And if I have a debate at work now, it’s because I’m really trying to get everyone’s opinions around the table. And once a decision is made, it’s done. Let’s move on. I never take it personally or make it about me. But I would hear sometimes, after the fact, that somebody had said, “Boy, Sharon was really hard on me.” And I would think: “Really? I was just having a conversation. And if I were a male, would they say that?”

I still wonder whether having a pointed and hard conversation is something that women get judged on more than men. And I do think women get judged more.

Q. In what ways?

A. What you’re wearing, your weight, your hair. You’re supposed to be like this or that. In the early years, you start to edit yourself. Maybe I should straighten my hair. Maybe I should wear a dark suit and look more serious. But then you get to a point where you start to say: “It’s better if I’m just me. It’s better if I’m just authentically who I am.”

I also think that as women, when we’re in a larger group in a social setting, we will often play down our successes or not claim our seat at the table. I think naturally women want to fit in. I played high school and college sports. They say that girls like to just be part of the team and they don’t like to really stand out, whereas the guys will be the stars and they’ll let you know they’re the stars all day long.

As a leader, especially as a woman leader, you have to be comfortable owning your successes. I think humility is a really good trait, but I also think that owning who you are and owning it big are important. Women should have their elevator speech. We should be able to say in a couple of sentences who we are, what we’ve done, and then move on.

Q. Other lessons?

A. When I was 36, I was on the board of a group of eight agencies, and I was the only woman on the board. I thought my role was to be the voice of reason and to question things. What I realized with a group of men is that they always stated things very positively. There was a sort of we-can-do-this attitude. It really helped me find my own voice and to frame things in a really positive way, and to say, “Look, this may be a challenge, but I think we can get there and this is how we can get there.”

Women might be more collaborative than men, and we can teach them a lot, but I think men can teach us a lot, too.

Q. What about people who’ve worked for you over the years? Any interesting encounters around gender?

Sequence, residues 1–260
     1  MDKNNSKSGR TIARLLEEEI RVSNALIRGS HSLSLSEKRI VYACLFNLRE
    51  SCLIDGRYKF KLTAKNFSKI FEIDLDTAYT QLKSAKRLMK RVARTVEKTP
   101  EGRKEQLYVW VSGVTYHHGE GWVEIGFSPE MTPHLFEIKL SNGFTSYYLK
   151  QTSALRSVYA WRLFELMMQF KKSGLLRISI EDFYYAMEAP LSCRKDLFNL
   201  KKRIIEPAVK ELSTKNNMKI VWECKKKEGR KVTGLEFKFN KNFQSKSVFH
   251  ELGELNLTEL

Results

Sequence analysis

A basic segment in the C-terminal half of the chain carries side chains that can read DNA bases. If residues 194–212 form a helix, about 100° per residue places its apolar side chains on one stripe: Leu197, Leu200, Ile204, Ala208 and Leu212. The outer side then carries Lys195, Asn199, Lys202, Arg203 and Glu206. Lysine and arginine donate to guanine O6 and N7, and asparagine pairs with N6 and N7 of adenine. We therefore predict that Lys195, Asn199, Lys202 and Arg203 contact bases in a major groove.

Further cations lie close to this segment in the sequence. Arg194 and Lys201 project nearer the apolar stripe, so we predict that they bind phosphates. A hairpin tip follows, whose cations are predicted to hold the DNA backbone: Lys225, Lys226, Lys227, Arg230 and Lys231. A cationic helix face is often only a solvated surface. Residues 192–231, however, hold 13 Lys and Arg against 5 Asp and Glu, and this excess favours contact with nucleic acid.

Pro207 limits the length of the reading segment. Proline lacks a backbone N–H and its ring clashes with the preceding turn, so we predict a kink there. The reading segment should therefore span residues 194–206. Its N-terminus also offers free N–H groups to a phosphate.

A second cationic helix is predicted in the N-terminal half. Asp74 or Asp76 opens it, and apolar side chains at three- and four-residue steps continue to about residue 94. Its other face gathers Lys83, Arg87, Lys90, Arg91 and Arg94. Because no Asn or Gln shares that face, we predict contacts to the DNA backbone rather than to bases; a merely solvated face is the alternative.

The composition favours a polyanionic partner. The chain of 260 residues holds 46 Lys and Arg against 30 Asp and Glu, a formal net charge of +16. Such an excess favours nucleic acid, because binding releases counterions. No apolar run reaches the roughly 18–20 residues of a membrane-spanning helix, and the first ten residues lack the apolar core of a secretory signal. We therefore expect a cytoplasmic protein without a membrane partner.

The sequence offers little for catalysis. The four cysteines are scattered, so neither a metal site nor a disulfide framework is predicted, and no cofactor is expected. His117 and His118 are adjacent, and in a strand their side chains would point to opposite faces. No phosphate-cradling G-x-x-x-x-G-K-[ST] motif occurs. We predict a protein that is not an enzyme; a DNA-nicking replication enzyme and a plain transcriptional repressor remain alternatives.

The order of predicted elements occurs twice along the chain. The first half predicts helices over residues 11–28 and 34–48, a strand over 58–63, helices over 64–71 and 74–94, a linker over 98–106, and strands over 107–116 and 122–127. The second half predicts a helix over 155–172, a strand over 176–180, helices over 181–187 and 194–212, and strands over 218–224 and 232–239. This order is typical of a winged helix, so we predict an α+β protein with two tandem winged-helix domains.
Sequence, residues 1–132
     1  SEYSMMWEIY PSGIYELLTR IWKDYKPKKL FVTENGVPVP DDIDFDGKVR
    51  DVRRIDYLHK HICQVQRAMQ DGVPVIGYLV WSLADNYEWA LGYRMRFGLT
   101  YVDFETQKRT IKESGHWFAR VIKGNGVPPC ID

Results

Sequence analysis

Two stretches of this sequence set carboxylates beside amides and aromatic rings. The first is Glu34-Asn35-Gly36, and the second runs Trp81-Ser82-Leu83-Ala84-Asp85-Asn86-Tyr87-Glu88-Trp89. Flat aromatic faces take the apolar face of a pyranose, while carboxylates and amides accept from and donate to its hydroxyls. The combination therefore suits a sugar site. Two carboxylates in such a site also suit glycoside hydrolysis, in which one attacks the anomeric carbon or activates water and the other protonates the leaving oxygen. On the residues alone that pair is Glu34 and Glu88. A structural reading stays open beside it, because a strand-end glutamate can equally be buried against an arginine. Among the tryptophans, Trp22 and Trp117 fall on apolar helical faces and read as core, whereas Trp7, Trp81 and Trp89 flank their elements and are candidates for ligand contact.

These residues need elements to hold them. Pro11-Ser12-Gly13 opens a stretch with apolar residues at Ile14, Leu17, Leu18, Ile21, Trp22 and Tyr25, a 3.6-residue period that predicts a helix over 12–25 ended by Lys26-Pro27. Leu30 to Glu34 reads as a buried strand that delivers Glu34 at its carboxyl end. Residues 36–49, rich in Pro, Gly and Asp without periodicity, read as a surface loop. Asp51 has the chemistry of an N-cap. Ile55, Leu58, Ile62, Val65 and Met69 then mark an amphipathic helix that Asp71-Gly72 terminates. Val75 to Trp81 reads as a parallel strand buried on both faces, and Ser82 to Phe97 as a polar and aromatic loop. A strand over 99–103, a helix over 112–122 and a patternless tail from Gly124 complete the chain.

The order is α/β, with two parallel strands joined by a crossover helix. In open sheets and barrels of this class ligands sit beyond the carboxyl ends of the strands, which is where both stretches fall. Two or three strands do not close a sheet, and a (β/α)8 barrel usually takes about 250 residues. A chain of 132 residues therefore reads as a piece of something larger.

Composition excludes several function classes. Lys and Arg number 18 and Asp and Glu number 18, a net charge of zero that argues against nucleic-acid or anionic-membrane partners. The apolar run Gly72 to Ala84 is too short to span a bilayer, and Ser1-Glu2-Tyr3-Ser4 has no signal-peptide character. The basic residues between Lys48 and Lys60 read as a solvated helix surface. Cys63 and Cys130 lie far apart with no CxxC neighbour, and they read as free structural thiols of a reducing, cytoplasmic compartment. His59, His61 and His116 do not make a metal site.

A. Senior people, especially, will say things to a female boss that they would never say to a man. I’ve had people tell me about how hard they’re working, and they said it in a way that implied that I was not working hard. That was interesting, given that I was the majority investor in the company, I work 365 days a year, and I worry about everybody’s paycheck. I had another person say to me, “I really need a raise because I want my wife to stay home.”

Q. What career advice do you give to younger women?

A. love to see someone at a lower or a midlevel position walk into a meeting and know what their role is and have a point of view. Don’t sit quietly and think about things and maybe whisper to somebody or tell people afterward. Put yourself out there, and get involved in the conversation.

I think women sometimes use the word ‘lucky’ to diminish what they’ve accomplished. We all have this little impostor syndrome that can lead us to say: ‘I shouldn’t really be here. I was just in the right place at the right time.’ I don’t think men do that too much.

Here’s another thing I think about a lot: I came from an immigrant family, grew up in a small town and went to a small liberal arts college. I started my business in Rochester, N.Y., and for a long time I thought that in some ways that was sort of an inferior background.

I didn’t have an Ivy League education. I didn’t grow up in New York City. I didn’t work for a big holding company. But then it hit me that all that has made me who I am. You have to take your background and really own it, turn it into a positive and use it to help drive your career forward.

Q. If you were speaking to an audience of women who were M.B.A. students, what other advice would you give?

A. Three things. One is to build your own skills and talents. You may be a manager someday, but you still have to have those core skills. In today’s world, it’s “What can you do? How can you bring value to the table?”